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Julie Hambleton
Julie Hambleton
April 19, 2024 ·  5 min read

7 Supplements That Could Be Causing More Harm Than Good

In today’s health-conscious world, many individuals turn to supplements to boost their overall well-being. While certain supplements can be beneficial, it’s important to recognize that not all of them are created equal. In fact, some supplements may even cause more harm than good, particularly when used improperly or in excessive amounts. So before you take your morning supplement routine, read this – and maybe have a chat with your doctor or dietitian about what is right for you.

7 Supplements That May Do More Harm Than Good

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Supplements are a pretty common household thing. Many of us grew up taking a morning vitamin as children and likely continued the practice as adults. The supplement industry is a massive one, and they are constantly doing their best to convince us that we need this supplement or another one. But peel back the layers of marketing, and what does the science actually say about all of this? As it turns out, many supplements are, frankly, just a waste of money, and some could even be harming your health rather than helping it. Here are seven supplements that you are better off replacing with a simple, everyday healthy diet and lifestyle.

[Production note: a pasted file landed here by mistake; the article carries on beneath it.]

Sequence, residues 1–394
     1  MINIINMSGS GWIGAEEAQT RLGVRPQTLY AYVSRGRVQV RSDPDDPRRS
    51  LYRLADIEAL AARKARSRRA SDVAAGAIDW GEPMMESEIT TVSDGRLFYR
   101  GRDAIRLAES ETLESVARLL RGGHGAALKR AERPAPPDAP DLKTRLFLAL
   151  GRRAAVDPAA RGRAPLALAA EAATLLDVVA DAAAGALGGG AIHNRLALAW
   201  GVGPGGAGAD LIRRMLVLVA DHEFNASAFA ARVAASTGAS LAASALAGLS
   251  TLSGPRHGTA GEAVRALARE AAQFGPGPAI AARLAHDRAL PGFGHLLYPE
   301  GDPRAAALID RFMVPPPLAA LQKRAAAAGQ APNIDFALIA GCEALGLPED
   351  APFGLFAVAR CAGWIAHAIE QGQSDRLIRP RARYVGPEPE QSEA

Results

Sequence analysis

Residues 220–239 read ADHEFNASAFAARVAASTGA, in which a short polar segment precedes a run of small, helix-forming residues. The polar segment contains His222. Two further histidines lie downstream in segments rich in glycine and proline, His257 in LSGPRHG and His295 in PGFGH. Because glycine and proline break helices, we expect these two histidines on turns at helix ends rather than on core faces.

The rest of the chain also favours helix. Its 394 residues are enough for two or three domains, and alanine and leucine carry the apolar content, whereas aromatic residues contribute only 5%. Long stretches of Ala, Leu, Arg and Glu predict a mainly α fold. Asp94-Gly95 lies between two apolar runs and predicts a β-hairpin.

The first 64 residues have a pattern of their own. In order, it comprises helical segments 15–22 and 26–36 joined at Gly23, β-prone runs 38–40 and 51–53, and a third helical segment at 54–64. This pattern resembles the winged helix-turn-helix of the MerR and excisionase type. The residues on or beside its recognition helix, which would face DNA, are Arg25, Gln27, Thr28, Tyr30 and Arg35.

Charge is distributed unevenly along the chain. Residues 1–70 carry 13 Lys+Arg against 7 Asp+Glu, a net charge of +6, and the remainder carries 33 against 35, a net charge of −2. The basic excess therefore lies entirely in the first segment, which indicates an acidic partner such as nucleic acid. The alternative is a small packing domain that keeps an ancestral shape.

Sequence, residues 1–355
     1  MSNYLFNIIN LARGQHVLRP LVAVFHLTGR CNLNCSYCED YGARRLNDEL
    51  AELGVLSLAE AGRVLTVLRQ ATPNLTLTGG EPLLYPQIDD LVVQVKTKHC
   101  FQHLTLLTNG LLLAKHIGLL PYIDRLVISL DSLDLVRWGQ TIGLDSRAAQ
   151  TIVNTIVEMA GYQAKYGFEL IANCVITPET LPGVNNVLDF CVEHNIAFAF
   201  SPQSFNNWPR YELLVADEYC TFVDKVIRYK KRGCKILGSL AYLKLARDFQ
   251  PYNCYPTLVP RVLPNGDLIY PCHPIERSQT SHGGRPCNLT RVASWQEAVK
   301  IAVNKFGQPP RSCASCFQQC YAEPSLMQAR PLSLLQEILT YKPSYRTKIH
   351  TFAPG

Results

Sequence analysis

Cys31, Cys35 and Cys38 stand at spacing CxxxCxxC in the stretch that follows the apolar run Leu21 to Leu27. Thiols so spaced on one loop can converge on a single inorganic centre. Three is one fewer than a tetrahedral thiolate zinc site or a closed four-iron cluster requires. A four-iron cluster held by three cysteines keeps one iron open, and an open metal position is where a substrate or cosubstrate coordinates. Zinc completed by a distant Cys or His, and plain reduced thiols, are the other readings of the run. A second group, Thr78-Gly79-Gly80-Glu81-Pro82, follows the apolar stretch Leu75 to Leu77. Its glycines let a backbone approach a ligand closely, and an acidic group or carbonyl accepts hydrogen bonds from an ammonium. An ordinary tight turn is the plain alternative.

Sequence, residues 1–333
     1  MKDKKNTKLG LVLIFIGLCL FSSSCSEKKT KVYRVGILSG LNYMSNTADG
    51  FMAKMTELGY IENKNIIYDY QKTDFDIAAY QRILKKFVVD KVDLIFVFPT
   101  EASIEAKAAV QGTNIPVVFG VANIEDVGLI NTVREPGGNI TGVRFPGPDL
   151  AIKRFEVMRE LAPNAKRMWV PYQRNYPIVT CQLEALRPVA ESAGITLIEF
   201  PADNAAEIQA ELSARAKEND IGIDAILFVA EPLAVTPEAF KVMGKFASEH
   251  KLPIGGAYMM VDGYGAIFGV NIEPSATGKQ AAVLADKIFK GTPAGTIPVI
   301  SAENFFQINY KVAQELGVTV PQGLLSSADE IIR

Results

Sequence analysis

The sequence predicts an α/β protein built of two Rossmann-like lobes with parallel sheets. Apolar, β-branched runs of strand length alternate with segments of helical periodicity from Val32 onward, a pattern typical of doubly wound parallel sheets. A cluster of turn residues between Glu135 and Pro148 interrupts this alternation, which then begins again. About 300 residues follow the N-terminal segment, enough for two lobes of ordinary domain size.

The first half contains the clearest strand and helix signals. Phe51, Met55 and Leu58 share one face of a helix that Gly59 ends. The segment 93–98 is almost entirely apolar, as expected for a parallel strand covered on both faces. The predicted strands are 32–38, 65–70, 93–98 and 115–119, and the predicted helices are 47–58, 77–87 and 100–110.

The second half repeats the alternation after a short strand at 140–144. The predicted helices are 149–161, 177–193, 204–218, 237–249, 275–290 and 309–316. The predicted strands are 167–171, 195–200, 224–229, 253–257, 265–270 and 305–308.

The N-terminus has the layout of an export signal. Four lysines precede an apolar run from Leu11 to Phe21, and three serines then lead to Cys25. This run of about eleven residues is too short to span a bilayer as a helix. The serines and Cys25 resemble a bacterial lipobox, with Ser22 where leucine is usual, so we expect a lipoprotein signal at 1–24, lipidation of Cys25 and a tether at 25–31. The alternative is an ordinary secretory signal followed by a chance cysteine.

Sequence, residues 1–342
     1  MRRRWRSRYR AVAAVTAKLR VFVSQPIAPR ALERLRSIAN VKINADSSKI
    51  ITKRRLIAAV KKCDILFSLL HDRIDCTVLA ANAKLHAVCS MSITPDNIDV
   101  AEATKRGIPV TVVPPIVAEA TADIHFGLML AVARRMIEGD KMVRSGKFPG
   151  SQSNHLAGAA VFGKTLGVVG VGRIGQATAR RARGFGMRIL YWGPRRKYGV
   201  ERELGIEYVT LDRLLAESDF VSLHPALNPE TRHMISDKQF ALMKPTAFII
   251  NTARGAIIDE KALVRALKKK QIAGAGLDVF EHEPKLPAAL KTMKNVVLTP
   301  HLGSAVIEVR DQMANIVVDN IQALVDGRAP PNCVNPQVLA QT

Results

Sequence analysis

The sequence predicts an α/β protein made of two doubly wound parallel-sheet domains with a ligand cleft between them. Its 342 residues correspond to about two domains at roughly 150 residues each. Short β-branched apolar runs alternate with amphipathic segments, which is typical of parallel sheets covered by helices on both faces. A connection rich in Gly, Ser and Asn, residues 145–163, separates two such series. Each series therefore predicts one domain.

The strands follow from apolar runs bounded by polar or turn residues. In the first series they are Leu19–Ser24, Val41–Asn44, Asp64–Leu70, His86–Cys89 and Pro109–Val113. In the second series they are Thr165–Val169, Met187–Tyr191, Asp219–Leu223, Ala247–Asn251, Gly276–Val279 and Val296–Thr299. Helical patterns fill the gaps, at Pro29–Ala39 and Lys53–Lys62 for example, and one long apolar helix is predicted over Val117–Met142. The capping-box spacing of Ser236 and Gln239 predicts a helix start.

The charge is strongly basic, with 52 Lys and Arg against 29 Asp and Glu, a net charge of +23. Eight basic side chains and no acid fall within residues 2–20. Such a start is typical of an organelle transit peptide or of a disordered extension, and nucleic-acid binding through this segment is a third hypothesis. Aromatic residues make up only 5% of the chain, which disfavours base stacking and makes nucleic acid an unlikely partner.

Read More: 7 Supplements that Improve Brain Function

1. Vitamin A

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While vitamin A is crucial for maintaining healthy vision, immune function, and cell growth, excessive intake can be detrimental. High doses of vitamin A can lead to a condition known as hypervitaminosis A, which may cause nausea, poor appetite, vision problems, and even liver damage. Obtaining vitamin A (retinol) or pro-vitamin A (beta-carotene) from natural sources like fruits, vegetables, and animal products is advisable, rather than relying solely on supplements. (1)

2. Niacin or Vitamin B3

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Niacin is essential for energy production and proper functioning of the nervous system. However, taking extremely high doses of niacin in the form of supplements can result in a condition called niacin flush. Symptoms include intense skin flushing, itching, and rapid heartbeat. While prescribed niacin supplements can be beneficial for certain medical conditions, it is best to consult with a healthcare professional before starting any niacin regimen. (2)

3. Vitamin E